* “Master Profiles” is a series profiling all the great photographers of uncontrolled life. Unlike the rest of the blog, I’m doing these in a straight profile format to make it easy for quick access to facts, quotes and knowledge on all the masters. I’ll also group them together here every time I add a new one.
Daido Moriyama (1938-Present)
Japanese photographer known for his gritty black & white images of post-war Japan.
Born: October 10, 1938 in Ikeda, Osaka, Japan
Daidō Moriyama grew up in Osaka, Japan and studied photography under Takeji Iwamiya, but it wasn’t until he moved to Tokyo in 1961 that his work really began. He came to Tokyo to work as photographer Eikoh Hosoe’s assistant and join the famous VIVO group of photographers.
Daido’s early work showcased the lower life aspects of Tokyo with a gritty rawness that went against the beautiful and well-composed photos of his peers. At times, he mixed in a bit of erotic mystery in his work too. His photos were grainy and blurry with extreme contrast. The composition seemed off at times and the overall visual feeling was very different than people were used to seeing in traditional photography.
Moriyama’s work also came during the Post-World War II era in Japan. The country was experiencing rapid growth in every way. And while the urbanization of Tokyo attracted him to the all the life on the streets, he was also interested in critically capturing some of the westernization the city was experiencing.
Moriyama’s interest in the darker, more hidden side of Tokyo drew him to subjects like nightclubs, yakuza gangsters, and prostitutes. His images captured the traditional values of Japan giving way to the seedier side of post-war changes. The industrial rise hid these parts of the city, but he wanted to show the underbelly of life during these changes in Tokyo.
Later on in his career, Moriyama moved to more of a classical and abstract focus in his photography. He has been awarded numerous over his career and gained a cult-like following of fans who are inspired by the dark, contrasty style he helped create. When it comes to street photography in Japan, Daidō Moriyama’s name comes first as a pioneer in the genre. His visual signature style is as recognizable as any.
- Gritty, Black & White
- Extreme Contrast
- Snapshots & Fragments
- Raw, Non-traditional Aesthetics
- Sometimes erotic
Camera: Ricoh Compact Cameras Lens: Ricoh built-in 28mm equivalent
Daido is well known for his loyalty to Ricoh’s line of compact cameras. He started with their film versions, but has since switched to digital. While no where nearly as known as the bigger brands, Ricoh has gained a sort of cult following. Their small size, high quality and signature 28mm focal length make it very popular with its followers. And Daido’s famous love for them has only helped their popularity.
“For me, photography is not a means by which to create beautiful art, but a unique way of encountering genuine reality”
“If you were to ask me to define a photograph in a few words, I would say it is “a fossil of light and time.”
“Making a definitive declaration of intent or meaning kills the photograph.”
” [My] photos are often out of focus, rough, streaky, warped, etc. But if you think about it, a normal human being will in one day perceive an infinite number of images, and some of them are focused upon, others are barely seen out of the corner of one’s eye.”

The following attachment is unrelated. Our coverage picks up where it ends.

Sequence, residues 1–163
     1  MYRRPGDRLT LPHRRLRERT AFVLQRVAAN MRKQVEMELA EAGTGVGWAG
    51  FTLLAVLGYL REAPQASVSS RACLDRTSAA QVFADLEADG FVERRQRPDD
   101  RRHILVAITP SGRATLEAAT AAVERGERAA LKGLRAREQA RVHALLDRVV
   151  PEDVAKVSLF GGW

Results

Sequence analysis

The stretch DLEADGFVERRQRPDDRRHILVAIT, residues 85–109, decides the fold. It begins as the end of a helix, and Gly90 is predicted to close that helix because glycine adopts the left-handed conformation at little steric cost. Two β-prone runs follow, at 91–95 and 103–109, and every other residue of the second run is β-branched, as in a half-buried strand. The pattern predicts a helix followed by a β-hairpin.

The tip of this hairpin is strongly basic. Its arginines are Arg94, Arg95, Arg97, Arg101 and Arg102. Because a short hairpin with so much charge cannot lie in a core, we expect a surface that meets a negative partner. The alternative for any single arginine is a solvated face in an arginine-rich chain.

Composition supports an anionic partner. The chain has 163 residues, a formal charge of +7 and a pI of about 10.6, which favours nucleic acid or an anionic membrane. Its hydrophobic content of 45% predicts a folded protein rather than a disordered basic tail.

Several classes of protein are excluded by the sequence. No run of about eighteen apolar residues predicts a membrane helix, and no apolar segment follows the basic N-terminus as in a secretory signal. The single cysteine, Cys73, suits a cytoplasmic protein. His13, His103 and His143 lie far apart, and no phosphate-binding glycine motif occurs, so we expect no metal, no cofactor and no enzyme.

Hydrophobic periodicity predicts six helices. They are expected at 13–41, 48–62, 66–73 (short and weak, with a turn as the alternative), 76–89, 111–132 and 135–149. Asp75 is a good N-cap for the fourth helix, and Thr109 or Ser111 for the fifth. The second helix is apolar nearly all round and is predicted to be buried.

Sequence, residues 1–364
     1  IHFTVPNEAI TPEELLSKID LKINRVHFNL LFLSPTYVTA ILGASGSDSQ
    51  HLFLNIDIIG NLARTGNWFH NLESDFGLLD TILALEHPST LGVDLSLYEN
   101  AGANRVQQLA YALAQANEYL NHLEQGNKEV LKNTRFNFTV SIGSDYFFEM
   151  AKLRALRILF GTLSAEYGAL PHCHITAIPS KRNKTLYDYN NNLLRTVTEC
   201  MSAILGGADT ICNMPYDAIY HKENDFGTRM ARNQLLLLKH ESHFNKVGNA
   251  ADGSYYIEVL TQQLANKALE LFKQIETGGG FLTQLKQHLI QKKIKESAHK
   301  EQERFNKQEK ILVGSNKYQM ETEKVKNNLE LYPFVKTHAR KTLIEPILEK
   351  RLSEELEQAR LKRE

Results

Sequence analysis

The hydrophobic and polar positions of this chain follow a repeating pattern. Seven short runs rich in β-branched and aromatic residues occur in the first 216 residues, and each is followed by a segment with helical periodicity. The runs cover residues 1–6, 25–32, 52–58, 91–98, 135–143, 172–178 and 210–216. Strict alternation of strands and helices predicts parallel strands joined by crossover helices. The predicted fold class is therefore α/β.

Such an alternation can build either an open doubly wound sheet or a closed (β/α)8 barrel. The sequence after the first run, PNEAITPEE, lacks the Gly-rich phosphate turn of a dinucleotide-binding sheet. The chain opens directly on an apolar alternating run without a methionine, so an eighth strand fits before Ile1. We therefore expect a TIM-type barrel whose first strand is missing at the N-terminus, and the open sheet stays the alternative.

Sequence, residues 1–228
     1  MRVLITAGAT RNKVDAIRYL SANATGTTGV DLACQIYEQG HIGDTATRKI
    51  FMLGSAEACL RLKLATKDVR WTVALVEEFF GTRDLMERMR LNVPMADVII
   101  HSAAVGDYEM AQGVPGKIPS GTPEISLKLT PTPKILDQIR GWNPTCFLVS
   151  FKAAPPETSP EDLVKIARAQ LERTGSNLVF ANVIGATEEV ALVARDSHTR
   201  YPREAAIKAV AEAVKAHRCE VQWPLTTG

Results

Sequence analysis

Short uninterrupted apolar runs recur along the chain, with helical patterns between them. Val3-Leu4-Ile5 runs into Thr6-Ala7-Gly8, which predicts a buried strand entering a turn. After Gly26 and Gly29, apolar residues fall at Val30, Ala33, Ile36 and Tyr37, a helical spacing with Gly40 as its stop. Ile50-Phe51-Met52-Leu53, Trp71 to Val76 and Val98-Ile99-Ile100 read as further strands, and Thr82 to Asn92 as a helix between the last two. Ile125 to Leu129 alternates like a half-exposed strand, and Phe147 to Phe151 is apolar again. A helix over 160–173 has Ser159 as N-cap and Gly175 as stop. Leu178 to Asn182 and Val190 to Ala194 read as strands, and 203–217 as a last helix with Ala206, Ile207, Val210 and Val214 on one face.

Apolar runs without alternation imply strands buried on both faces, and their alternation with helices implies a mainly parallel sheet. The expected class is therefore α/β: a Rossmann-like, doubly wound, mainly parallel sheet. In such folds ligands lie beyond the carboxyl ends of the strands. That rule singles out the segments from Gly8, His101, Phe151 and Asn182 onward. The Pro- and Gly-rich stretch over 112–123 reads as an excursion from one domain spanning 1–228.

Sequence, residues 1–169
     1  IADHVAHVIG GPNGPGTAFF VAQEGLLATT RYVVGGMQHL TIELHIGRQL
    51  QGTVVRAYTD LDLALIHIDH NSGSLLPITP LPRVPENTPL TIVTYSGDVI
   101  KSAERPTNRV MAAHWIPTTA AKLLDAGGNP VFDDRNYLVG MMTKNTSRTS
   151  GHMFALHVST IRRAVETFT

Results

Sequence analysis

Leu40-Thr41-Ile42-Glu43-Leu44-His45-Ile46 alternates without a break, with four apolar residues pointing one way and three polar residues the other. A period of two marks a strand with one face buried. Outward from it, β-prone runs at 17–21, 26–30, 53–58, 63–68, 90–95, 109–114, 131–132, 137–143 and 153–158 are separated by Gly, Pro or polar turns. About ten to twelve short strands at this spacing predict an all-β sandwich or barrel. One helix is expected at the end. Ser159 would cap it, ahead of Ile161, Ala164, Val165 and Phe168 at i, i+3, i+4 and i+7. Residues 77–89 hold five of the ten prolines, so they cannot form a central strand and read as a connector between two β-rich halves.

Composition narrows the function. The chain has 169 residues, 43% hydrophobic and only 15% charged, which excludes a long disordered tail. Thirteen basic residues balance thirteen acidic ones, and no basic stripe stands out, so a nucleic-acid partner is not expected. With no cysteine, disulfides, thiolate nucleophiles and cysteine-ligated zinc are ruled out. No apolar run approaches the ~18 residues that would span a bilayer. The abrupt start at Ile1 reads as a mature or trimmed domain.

“When I take photographs, my body inevitably enters a trance like state. Briskly weaving my way through the avenues, every cell in my body becomes as sensitive as radar, responsive to the life of the streets… If I were to give it words, I would say: “I have no choice… I have to shoot this… I can’t leave this place for another’s eyes… I have to shoot it… I have no choice.” An endless, murmuring refrain.”
“…I wish to take photographs freely, without technical restrictions. For example, I take most of my snapshots from a moving car, or without looking through the viewfinder when I am on foot. You might say I take photographs not only with my eyes, but with my entire body.”
“I have always felt that the world is an erotic place… For me cities are enormous bodies of people’s desires. And as I search for my own desires within them, I slice into time, seeing the moment. That’s the kind of camera work I like.”
“I do not try to find myself in what I “shoot,” but perhaps I want to see the position of the world I am in.”
“For me, photographs are taken in the eye before you’ve even thought what they mean. That’s the reality I’m interested in capturing.”
Daido’s gritty images and disinterest in traditional photography rules mirrored photographer William Klein’s attitude and interests in many ways. So much so that they teamed up for a double retrospective titled “William Klein + Daido Moriyama.” The exhibition showcased the contrasting urban environment and personality of Klein’s New York and Moriyama’s Tokyo.
Daido Moriyama has gained a huge following over the years. His work and dedication to his own style and vision is a reason why so many think of his name first when they think of Street Photography in Japan . Tell me what you all think about his work in the comments below! Do you have any favorite shots? Does his work impact you as much as others?